2

Pain If you have possible injuries, you should absolutely consult a doctor, and not the internet. You will quite probably need a scan of some sort. If I had to venture a guess, I'd say you've pulled a muscle, or possibly torn a tendon/ligament, depending on the intensity of the pain. 60 bridges sounds like a possible cause here. Oh, and about those ...


2

but i can't do cardiovascular training or most body-weight type training due to the strain my weight puts on my joints Why do you think you can't work your heart or upper body? There are lots of exercises you can do for your heart that are easy on your joints. The first that comes to mind is swimming, which is actually very good at training your ...


2

I would recommend you try a trusted training program. It's possible you're suffering from DOMS, not "joint pain". Regardless, if you're doing the wrong things it will be painful and short lived. If you do a good program, you'll strengthen your muscles and connective tissues (joints) in a safe and effective way.


2

I'm in the no-strap no-glove camp. I trained for a while in powerlifting, and if you lift raw you can't use straps. So I'm of the mindset that a deadlift is how much you can lift, and that includes how much you can hold onto. To that end, once I get up north of my 5RM I'll use a mixed grip. I think if you need help holding onto the bar at 5RM or lower then ...


2

This question brings back memories. I’m a competitive rower and I had a similar situation. Although, my symptoms were more situated in the rhomboid/trap region without shoulder inflammation. I did, however, have some discomfort in the shoulder. Here are some of the exercises/stretches I had to do as part of my rehab. Thoracic Extension Thoracic ...


1

Calm down......there is no cause for anxiety. REALLY! In addition to the splendid answer provided above, I'd chime in and remind you that Weightlifting (and exercises in general) is a long-term program. Even if you take a year off to heal properly, you'll easy bounce back when you decide to continue lifting. What you don't want is to turn a ...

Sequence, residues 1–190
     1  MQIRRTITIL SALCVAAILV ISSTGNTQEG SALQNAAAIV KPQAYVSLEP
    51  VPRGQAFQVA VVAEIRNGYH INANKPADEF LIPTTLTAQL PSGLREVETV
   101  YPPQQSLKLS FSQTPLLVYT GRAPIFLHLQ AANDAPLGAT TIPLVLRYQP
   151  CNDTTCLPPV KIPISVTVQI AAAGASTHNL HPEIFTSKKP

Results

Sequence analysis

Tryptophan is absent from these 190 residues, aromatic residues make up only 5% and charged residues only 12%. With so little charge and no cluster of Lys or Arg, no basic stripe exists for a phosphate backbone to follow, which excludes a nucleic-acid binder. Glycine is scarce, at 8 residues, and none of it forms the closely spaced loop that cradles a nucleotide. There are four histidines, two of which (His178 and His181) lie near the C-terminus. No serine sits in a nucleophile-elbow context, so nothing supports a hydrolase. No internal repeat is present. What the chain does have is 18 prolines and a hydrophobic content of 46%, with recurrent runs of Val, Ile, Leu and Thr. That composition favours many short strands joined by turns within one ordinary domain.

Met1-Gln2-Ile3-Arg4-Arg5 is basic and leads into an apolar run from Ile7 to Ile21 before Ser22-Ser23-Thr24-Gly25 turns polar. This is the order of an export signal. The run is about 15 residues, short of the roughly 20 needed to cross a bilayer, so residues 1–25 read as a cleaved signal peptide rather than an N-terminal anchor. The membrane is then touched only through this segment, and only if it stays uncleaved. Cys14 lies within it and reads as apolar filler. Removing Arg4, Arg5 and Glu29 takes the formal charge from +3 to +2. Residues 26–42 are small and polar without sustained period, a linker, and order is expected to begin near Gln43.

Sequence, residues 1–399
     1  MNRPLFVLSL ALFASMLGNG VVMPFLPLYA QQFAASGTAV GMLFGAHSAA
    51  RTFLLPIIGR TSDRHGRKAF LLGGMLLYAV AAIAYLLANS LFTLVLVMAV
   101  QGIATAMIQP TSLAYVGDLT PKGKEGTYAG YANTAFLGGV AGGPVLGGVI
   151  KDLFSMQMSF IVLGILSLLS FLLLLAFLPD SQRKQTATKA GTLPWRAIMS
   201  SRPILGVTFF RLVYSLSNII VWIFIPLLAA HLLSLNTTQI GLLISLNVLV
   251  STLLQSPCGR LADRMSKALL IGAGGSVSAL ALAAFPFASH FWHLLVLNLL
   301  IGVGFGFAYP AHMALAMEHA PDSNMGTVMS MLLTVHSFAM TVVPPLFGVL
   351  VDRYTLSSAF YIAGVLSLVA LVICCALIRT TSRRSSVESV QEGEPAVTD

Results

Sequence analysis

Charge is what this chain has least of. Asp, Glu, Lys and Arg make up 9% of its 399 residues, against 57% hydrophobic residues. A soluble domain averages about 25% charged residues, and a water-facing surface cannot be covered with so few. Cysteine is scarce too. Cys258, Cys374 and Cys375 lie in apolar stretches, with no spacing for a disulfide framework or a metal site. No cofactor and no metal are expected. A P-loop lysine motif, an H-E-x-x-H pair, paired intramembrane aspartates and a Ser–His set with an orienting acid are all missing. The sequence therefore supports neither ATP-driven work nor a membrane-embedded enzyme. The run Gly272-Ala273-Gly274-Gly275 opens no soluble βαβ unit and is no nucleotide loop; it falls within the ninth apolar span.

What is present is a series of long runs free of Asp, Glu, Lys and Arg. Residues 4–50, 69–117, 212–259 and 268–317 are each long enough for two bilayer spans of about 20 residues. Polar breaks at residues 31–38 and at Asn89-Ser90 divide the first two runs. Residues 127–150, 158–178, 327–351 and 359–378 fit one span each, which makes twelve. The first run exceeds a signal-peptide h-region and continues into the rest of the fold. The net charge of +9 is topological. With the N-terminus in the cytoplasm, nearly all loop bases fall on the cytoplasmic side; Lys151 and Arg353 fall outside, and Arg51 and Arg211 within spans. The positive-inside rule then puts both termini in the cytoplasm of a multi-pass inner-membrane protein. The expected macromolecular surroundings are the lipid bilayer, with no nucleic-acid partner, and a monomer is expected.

1

I would stay away from isolation workouts and go to compound workouts since other bigger muscles can help out in the routines. Types of exercises (dumbbell): Bench Press, Incline Bench Press (go light on this), Flyes Types of exercises (cables): Seated rows, lat-pull (use wide grip so you don't use too much shoulder), Cable Cross overs, cable flyes For ...


1

If your body is able to withstand the stress exercise places on your injury without worsening your condition, then you should exercise. How are you able to determine whether or not your body can withstand the stress? The only way is to exercise and observe the result. There are obvious risks involved in this. No one can advise you whether or not you ...


1

Due to the small market for the disabled, you really need to be creative. In some cases the disabled person will have equipment special made for them, and in others they will make do with something off the shelf. In the video, it looks like the person in question used an off the shelf strap that was tied in a way to anchor the bar. I've seen injured ...


1

Yes, by all means. When you do bicep curls, your primary goal is to stress your biceps, and as few other muscles as possible. Find a position and trajectory in which you only put stress on your biceps, so that your deltas are involved very mildly, merely to keep your arm position steady, not to help it pull the weight. It is impossible to avoid using the ...


1

Several years ago I began feeling a sharp pain in my left shoulder (behind my deltoid muscle, near the joint) during chest exercises. At first the pain was minor so I kept with my normal weightlifting routine. Over the next few weeks, however, the pain became progressively worse. It finally reached a point where I could no longer do any chest exercises (or ...


1

Tips to improve frailty and an easily injured body? I presume going to the gym is out of the option after that accident involving the dumbbells. So lets start by doing some calisthenics. Here are some :- Baristi Workout Beginners Program Nerd Fitness Beginners Plan There is more out there then the ones I listed. However, once you are happy with your ...


1

There are a few things to look out for when you sustain an injury to the knee: Swelling - If you have a large amount of swelling in the area, you may have ruptured or injured the bursa sac, which can cause inflammation Offset patella (Kneecap) - Unlikely, since you can run, but a direct blow to the kneecap can throw it out of the track it normally rides ...


1

Yes and no. If you're worried about permanent damage, pain is often the indicator that lets you know something is wrong. Therefore you should NOT take medication which inhibits pain. Instead, you could give the 5k a shot, but abort if the pain gets too substantial. But if, as you suspect, it's really just a minor injury, then the pain can of course be ...


1

Although elliptical machine can simulate running, it is very different than actual running. It's really good to recover from an injury and a great way to get the legs back in shape but to be able to run, you have to start running. In my opinion, you can try the couch-potato to 5K run since it's easy and builds your running abilities quite fast. And ...